27. The CEPEJ SATURN Centre for Judicial Time Management continued its work in setting up a European observatory of judicial timeframes and developing appropriate tools, with the expert assistance of the CEPEJ Network of pilot courts.
28. In a qualitative approach, the SATURN Centre has developed a "coaching" programme, which is being tested in several pilot courts giving courts who so wish the opportunity to put the CEPEJ’s time management tools into practice. With this in mind a protocol and a methodology are currently being finalised.
29. In a quantity approach, the Centre looks in greater depth at length of proceedings and times taken to process backlogs in courts on the basis of the information gathered in the course of the evaluation of judicial systems by the CEPEJ. This approach takes account of the comparability of the information available. With the same aim in mind, it has commissioned a scientific expert to update the report: " Length of court proceedings in the member states of the Council of Europe based on the case law of the European Court of Human Rights " (CEPEJ Studies – N° 13) and continued its exchanges of views with the departments of the European Court of Human Rights on the basis of the available statistics concerning violation of Article 6 of the European Convention on Human Rights.
2.1.3. Promoting the quality of justice
30. With a view to fostering quality systems in member states’ courts, the CEPEJ approved the Study: "Quality management in courts and in the judicial organisations in 8 Council of Europe member States", published as one of the "CEPEJ Studies" (Study N° 13) at the initiative of the Working Group on quality of justice (CEPEJ-GT-QUAL). This study was co-ordinated by Mr Philippe LANGBROEK, scientific expert.
31. The CEPEJ believes that, in order to improve the public service of justice, policy makers and justice professionals must take account of how users of justice perceive the service. The CEPEJ-GT-QUAL has therefore worked with Mr Jean-Paul JEAN and Ms Hélène JORRY (France), scientific experts, in preparing a "Report on conducting satisfaction surveys aimed at court users in Council of Europe member states", published in the “CEPEJ Studies” series (Study N° 15). On the basis of this report, the CEPEJ adopted a "Handbook on conducting satisfaction surveys aimed at court users in Council of Europe member states "7, designed mainly for heads of courts who wish to organise such surveys in their jurisdiction.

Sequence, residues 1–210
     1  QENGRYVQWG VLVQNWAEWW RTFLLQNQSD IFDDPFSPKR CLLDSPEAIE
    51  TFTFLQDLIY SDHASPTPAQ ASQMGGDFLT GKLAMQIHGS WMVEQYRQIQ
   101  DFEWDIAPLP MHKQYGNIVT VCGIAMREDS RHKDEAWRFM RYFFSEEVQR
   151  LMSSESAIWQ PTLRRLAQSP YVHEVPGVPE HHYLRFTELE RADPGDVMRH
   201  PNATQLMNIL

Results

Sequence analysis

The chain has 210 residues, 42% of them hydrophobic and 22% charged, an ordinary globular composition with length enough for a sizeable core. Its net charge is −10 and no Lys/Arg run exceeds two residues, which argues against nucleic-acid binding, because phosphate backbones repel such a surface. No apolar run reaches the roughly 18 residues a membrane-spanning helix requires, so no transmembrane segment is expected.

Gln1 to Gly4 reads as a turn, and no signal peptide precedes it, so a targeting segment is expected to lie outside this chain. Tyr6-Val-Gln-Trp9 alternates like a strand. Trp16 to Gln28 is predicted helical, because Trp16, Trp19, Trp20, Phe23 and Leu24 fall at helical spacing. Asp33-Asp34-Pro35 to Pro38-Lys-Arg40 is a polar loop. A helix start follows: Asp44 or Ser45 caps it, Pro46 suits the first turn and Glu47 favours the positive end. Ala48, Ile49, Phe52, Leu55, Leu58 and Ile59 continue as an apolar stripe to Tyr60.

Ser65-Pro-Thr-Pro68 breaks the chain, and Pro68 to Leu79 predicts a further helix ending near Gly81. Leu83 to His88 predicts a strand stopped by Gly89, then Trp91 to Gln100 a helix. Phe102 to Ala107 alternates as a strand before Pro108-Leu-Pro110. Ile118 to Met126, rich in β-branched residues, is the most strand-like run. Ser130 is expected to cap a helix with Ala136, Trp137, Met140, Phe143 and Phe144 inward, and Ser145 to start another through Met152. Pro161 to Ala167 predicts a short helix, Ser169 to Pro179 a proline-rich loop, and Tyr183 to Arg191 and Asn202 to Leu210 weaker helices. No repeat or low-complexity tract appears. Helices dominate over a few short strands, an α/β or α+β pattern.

32. The Handbook is being tested in several pilot courts, for example in Angoulême (France) and in Catania and Turin (Italy). Member states’ courts will be encouraged to use it, in the light of the conclusions of these tests and with the assistance of various networks (pilot courts, Lisbon Network, the European Union of Rechtpfleger, and universities).
33. A report on: "contractualisation and judicial process in Europe", based on the findings of Mr Julien LHUILLIER (France), scientific expert, is currently being finalised.
2.2 Developing exchanges with networks of professionals
34. In accordance with Article 3.e of its Statute, the CEPEJ has set up networks of professionals working in the field of justice to support its work on the basis of information and comments from practitioners and to facilitate the appropriation of the measures it establishes by those at whom they are primarily aimed.
2.2.1 Network of Pilot Courts
35. The Network of pilot courts seeks to ensure that the CEPEJ’s activities are firmly rooted in the reality of the day-to-day functioning of justice and to ensure their relevance vis-à-vis the expectations of the judicial professionals. The Network’s fifth plenary meeting was held in Geneva, at the invitation of the Swiss Federal Tribunal. 33 member states were represented.